This article was updated on March 21, 2019.
This is a joint analysis published by Brazil’s Conectas Direitos Humanos and the Washington Office on Latin America (WOLA).
On March 19, President Donald Trump met for the first time with the newly elected Brazilian president, the ultraconservative Jair Bolsonaro. This was not an official state visit accompanied with the pomp of U.S. protocol; however, the two ended the meeting as expected with a joint pronouncement on shared interests and priorities.
Trump and Bolsonaro represent a convergence of right-wing political trends in terms of their agendas, the strategies used in their rise to power, and their repeated use of controversial rhetoric. Both share dangerously similar views on human rights: they have made deplorable comments about women, LGBT+ communities, migrants, and Afro-descendants, and threatened to implement policies that attempt to roll back protections for these groups.
In the name of economic development, both have boldly expressed disdain for environmental concerns and rolled back safeguards that will have dire consequences in their respective countries, especially against Native Americans and Brazil’s indigenous groups. Both have endorsed police use of deadly force, regardless of civil liberties and how this disproportionately affects people of color. In many ways, the least surprising thing about their meeting at the White House was how it served as a platform to uplift two leaders with extremist, anti-human rights views and policies.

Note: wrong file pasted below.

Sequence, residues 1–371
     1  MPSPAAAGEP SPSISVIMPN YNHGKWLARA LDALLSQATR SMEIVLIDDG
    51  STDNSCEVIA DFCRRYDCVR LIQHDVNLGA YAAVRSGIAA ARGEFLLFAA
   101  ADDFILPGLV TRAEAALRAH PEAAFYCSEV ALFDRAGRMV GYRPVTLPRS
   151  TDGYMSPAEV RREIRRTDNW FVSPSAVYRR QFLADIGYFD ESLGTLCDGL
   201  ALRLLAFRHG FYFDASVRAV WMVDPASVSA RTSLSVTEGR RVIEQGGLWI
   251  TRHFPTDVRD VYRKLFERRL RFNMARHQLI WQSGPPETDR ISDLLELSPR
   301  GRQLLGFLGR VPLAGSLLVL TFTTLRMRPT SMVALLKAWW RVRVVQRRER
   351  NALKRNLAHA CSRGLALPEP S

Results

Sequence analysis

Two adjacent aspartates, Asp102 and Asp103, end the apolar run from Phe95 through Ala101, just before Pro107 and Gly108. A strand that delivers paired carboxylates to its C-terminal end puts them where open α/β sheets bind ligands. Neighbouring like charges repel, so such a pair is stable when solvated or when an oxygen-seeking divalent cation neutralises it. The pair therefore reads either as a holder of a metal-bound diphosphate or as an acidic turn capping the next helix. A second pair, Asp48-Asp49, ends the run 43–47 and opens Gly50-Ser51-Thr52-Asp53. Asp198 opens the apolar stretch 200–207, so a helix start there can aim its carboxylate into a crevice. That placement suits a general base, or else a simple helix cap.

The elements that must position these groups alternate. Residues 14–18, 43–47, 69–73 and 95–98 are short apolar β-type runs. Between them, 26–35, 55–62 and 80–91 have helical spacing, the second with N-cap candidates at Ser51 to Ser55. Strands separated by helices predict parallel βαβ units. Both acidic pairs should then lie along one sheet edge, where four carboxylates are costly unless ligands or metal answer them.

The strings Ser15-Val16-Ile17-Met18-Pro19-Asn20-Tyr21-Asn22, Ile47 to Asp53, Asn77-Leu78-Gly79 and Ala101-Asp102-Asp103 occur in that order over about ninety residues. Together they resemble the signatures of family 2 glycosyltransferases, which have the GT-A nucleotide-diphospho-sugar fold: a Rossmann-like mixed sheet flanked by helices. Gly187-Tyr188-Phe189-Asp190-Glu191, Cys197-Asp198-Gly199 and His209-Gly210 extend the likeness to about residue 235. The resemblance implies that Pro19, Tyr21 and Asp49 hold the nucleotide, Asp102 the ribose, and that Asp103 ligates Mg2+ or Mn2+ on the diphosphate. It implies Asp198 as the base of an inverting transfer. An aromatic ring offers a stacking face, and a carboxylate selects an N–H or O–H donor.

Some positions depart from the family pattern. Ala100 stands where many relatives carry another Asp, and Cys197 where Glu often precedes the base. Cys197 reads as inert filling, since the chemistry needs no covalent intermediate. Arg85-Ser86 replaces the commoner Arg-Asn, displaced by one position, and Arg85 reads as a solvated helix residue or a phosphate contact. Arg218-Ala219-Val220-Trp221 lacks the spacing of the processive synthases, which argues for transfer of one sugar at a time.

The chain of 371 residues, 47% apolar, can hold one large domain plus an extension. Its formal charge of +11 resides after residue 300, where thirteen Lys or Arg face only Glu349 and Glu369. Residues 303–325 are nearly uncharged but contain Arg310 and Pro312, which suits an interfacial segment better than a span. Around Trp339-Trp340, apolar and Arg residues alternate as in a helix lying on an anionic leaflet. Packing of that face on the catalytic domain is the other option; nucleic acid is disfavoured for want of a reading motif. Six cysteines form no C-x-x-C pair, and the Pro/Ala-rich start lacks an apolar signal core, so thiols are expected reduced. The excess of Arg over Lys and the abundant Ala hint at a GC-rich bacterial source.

It was unsurprising that Bolsonaro remained purposefully vague on the prospects for U.S. military intervention in Venezuela.
In some ways, the meeting between the two presidents generated more show than substance. One of Bolsonaro’s primary intentions going into the meeting was to burnish his image through a positive relationship with the president of the United States. His praise for Trump’s “border wall” and the reversal of longstanding Brazil U.S. visa policy was all meant to signal a “reset” of U.S.-Brazil relations. Indeed, throughout the visit Bolsonaro repeatedly appeased Trump and curried favor with other right-wing supporters, claiming he is against everything Trump opposes, from socialism to political correctness to fake news to “gender ideology.” Bolsonaro also basked in the notion of a newfound Brazil-U.S. alliance on trade, economic progress, and the possibility of a unique NATO-like security arrangement.
Given this context, it was unsurprising that Bolsonaro remained purposefully vague on the prospects for U.S. military intervention in Venezuela. Trump reiterated at his meeting with Bolsonaro that “all options are on the table” for Venezuela, doubling down on past rhetoric by his administration officials concerning U.S. military intervention in the country. During the press conference, Bolsonaro declined to go into detail about Brazil’s position. In response to reporters’ questions at the White House, Bolsonaro was obscure on Brazil’s position, saying that there are some “reserved subjects” that “will no longer be strategic” if spoken about publicly.